9. He'll end up as a paid contributor to one of the Leftwing networks where they can present him as a "reasonable" Republican and former member of Congress. He will put on a serious face when he badmouths President Trump, treats the minor riot of January 6th as if it were really an attempted coup, and probably praise Creepy Joe as a President trying to unite us. At one time I supported him, but the moment he turned on President Trump, the President who did more to put this country back on the right path than any other in my lifetime of 78 years (yes, more that Ronald Reagan) I no longer could stand this traitor to America.
  10. Nice, heartwarming news. Thanks for sharing! Just a shame that he only eliminated one of the two thugs.
  11. What sort of idiot leaves the keys in the car while loading groceries? But I agree that it would be ideal if deadly force were legally able to be used to prevent property theft or to try to recover stolen property.
  12. 19 months ago I renewed my FOID card online. It only took 16 months for the State to show my FOID as "active". And now, three months later, my new FOID card arrived in the mail. I'm glad to have my new card, which does not expire until 2031 (since I'm 78 right now, I might well expire before the card does) but I'm astonished at the inefficiency of State government to handle this simple task. I guess, however, all is well that ends well. Thanks to Molly who made several inquiries on my behalf. I truly appreciate her help, as well as the moral support by members of this forum.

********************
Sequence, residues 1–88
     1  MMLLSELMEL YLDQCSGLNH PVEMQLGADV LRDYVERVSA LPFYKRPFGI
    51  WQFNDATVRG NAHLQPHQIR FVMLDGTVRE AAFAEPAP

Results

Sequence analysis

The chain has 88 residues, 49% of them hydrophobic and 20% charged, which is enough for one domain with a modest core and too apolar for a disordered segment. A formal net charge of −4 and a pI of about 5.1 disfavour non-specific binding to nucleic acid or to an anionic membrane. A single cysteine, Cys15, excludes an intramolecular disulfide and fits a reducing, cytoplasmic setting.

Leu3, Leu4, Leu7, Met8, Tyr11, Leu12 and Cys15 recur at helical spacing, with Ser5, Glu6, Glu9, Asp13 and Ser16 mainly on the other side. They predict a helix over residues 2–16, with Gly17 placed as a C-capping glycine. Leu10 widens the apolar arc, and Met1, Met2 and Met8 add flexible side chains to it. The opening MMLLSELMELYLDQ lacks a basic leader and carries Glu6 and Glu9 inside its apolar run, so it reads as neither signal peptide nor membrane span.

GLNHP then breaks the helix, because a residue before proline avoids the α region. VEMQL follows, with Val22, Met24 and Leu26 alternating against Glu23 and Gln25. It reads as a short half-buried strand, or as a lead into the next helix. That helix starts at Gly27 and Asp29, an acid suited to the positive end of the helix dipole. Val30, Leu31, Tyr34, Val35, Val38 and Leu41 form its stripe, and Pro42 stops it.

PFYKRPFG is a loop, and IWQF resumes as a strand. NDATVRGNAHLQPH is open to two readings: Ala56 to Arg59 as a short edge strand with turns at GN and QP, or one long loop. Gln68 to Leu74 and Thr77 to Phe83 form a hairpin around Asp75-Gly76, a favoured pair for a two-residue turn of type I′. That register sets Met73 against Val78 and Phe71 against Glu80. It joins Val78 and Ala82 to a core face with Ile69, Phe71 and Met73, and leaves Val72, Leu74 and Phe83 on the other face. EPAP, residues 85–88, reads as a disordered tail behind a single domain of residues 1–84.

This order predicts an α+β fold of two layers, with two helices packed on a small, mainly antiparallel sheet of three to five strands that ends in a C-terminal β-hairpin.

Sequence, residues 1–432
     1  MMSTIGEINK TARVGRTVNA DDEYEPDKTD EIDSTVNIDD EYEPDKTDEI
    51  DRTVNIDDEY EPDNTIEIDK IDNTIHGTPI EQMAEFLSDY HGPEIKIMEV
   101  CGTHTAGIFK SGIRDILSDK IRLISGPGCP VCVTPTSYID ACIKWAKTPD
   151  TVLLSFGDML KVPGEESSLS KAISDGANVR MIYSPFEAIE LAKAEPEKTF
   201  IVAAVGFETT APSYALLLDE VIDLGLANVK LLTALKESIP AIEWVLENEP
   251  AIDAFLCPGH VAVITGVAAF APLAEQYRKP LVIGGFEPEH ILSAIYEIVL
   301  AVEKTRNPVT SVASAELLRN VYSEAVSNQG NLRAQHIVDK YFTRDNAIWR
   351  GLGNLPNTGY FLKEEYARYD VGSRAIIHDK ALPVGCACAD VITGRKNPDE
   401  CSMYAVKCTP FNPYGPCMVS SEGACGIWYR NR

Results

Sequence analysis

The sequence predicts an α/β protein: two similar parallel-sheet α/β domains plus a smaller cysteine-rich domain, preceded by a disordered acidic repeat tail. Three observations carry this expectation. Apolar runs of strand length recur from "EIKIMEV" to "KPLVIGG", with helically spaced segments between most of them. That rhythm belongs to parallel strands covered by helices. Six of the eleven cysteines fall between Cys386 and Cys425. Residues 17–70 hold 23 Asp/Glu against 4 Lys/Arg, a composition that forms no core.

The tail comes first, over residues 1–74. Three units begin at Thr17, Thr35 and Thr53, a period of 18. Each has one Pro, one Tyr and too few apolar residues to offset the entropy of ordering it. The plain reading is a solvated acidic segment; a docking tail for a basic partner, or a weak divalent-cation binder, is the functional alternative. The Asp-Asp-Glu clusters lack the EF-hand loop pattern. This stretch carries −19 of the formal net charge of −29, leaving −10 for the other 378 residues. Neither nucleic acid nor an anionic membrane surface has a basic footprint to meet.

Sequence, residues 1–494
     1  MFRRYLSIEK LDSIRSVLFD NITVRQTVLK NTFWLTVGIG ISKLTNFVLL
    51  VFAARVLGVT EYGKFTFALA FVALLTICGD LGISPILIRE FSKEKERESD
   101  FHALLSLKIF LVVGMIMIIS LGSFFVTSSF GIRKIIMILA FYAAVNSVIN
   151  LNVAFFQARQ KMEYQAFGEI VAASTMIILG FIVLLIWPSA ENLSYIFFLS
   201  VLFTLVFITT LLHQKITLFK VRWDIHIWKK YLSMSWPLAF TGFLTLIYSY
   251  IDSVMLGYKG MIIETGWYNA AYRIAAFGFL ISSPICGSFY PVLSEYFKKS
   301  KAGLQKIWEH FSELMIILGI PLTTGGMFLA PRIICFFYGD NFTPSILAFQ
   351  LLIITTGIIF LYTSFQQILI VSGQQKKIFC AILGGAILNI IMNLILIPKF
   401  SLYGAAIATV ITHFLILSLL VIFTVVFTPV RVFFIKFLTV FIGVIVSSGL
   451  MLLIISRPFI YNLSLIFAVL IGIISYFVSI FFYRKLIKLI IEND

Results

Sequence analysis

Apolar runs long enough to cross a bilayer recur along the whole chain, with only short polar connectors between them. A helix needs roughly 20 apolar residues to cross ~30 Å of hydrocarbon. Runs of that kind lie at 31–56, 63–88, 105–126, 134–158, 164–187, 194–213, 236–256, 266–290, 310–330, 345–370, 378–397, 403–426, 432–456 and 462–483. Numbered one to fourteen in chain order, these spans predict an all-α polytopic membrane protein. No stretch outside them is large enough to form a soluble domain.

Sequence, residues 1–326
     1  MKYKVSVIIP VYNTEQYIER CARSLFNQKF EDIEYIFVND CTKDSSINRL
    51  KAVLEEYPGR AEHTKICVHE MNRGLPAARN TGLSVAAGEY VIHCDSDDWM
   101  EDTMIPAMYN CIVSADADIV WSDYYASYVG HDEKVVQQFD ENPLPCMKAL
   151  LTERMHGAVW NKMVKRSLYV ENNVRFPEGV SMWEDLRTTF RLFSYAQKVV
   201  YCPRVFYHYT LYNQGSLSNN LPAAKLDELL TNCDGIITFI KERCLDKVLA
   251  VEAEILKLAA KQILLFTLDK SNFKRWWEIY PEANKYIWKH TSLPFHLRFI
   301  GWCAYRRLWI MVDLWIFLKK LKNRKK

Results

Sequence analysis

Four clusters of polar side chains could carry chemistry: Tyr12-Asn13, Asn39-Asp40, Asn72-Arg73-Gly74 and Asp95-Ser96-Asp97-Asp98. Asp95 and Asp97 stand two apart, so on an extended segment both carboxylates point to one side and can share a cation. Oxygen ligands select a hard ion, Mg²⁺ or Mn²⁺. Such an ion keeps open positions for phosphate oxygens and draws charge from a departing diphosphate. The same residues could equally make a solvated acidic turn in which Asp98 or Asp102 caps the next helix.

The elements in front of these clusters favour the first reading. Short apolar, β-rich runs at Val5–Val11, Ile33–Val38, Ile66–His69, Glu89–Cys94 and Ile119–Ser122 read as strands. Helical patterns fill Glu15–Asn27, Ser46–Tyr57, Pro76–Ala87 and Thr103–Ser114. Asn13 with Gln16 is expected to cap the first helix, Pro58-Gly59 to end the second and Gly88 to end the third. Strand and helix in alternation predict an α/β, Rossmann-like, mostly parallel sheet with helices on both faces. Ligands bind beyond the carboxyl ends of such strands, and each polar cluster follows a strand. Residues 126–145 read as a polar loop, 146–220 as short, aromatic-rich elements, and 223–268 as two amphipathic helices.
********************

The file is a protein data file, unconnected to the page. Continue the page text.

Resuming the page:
13. Molly, I hope you can help. I sent in my FOID renewal in April 2019, and finally, in late July of 2021 my status changed from Under Review to Active. I assumed within a few weeks I would have the actual FOID card. I left IL for an extended road trip in late August, just returned yesterday, and searched the huge mound of mail waiting for me, and still no FOID card. It’s now 14 weeks since I was listed as Active.
  14. Almost 3 weeks since going "Active" and still no card in the mail.
  15. Two weeks since my FOID was listed as "Active" but no physical card received as of today.